A spoonful of search helps the brain cells go round…
As we all know, it takes all sorts. I’m a fan of exploring our differences and what makes us tick. But, there’s one thing I really don’t have any time for, and that’s intellectual atrophy. The lazy brain that accepts nonsense as fact without an ability to even process anything critically plays havoc with my blood pressure. It’s all too easy to say you don’t suffer fools gladly, but very few people claim stupidity as an endearing trait on their resume in the first place.
There has never been a time where so many people have had almost unfettered access to man’s knowledgebase, and been so unashamedly dumb at the same time. The answers we have at our fingertips, but we’re unable to engage in the processing of them. For example, we hear claim after claim from our candidates, and people demand answers – they even ask the right questions – but they should have no need to ask them. They should only need to ask in the form of a search query.
The only cast iron litmus test I have personally to know if somebody is intellectually slothful is if they ask me a question about something or other that would require me to do a search in order for me to answer – a search that they themselves could’ve done in the time it took to ask me the question. I’ve managed to curb the high pitched wailing to a menacing glower at anyone who does this while sat down next to me with a laptop. Of course, I have no problems with people asking me to search for something on their behalf, but an unwillingness to even engage in the process tells me your brain is lounging on a mental sofa in its underpants struggling to reach for a nearly-empty, flat bottle of warm Pepsi.
It’s not being stupid, it’s not being bothered about not being stupid. (Apologies for the Rumsfeldian turn of phrase.)
There’s nothing clever or tricky about searching, but there are a few tips that you are more than welcome to use if you think they may be of some use.
The real irony is, according to a recent UCLA study, that searching the net may help prevent mental mushiness in your advancing years.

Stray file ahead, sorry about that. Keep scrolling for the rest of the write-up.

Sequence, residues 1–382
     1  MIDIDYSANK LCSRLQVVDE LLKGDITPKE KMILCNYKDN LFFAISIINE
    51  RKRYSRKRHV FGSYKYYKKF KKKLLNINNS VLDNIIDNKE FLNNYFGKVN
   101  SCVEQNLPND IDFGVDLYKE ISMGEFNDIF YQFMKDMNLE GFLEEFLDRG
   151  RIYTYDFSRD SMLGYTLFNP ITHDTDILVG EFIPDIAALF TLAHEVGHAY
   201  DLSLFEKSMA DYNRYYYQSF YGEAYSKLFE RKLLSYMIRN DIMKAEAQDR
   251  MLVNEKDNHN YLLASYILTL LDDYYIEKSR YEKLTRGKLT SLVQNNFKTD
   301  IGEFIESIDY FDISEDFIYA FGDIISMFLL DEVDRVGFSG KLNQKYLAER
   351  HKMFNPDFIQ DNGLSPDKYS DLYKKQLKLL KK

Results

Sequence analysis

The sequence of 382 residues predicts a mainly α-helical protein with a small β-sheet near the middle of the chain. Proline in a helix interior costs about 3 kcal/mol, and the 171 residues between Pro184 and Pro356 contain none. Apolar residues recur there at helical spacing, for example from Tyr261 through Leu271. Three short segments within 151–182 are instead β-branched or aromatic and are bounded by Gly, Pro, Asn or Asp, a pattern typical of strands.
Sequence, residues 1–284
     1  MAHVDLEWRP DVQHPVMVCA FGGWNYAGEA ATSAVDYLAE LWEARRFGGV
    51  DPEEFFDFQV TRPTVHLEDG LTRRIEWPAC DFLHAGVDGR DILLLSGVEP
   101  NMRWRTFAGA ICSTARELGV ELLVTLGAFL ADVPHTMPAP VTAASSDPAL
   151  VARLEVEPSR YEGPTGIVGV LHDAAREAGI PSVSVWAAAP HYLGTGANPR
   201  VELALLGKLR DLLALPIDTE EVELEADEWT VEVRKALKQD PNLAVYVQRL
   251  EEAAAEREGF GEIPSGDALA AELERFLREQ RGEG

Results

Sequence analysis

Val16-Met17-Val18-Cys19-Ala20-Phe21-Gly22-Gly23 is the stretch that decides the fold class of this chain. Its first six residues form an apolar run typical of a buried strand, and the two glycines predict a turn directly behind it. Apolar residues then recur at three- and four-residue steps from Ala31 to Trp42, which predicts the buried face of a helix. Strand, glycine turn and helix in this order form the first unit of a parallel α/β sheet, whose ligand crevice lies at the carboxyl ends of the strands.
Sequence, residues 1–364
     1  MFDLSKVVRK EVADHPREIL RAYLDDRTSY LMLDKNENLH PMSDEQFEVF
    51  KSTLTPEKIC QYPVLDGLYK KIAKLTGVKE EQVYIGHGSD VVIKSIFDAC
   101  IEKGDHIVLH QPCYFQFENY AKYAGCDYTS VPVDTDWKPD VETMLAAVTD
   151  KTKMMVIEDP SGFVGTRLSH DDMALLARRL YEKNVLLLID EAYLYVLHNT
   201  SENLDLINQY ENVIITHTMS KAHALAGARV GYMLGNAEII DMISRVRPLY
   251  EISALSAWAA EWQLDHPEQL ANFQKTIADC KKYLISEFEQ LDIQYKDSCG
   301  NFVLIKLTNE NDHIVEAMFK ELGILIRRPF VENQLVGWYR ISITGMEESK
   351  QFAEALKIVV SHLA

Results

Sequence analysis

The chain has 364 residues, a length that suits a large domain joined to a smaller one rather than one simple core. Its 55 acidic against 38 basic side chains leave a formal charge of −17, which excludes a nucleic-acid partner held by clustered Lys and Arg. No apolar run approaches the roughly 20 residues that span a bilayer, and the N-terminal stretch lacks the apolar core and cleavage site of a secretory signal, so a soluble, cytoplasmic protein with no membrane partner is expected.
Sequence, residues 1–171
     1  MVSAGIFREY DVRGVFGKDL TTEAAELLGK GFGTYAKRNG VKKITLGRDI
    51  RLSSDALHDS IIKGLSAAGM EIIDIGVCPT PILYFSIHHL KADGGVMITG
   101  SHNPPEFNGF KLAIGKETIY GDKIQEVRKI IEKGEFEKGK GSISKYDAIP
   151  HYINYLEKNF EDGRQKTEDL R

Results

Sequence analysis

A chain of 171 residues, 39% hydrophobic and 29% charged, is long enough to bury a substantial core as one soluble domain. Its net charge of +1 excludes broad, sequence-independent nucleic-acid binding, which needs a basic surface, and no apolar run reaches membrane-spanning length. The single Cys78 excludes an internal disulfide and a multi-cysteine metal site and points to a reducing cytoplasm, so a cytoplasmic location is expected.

Volunteers fell between the ages of 55 and 76. Half had experience conducting internet searches; half had no web experience at all. Otherwise, they were similar in education, gender and age.
“We found that in the reading-the-book task, the visual cortex — the part of the brain that controls reading and language — was activated,” observed Dr. Gary Small, a UCLA expert on aging. “In doing the internet search task, there was much greater activity, but only in the internet-savvy group.”
According to Small, users familiar with the internet were able to engage their brains at a much deeper level during search activities.
“People who had internet experience used more of their brain during the search […] This suggests that just searching on the internet may train the brain – that it may keep it active and healthy,” Small concluded.
In aging minds, cognitive function erodes against antagonists like atrophy and lower cell activity. Previous studies have found that actively engaging the mind — playing sudoku or completing a tough crossword puzzle, for example — can keep the brain fit, much like working out a muscle. Engaged regularly, such activities can even keep degenerative mind diseases like Alzheimer’s at bay.
Who woulda thought it, eh? Apart from those, of course, who are mentally AWOL in the first place….;-)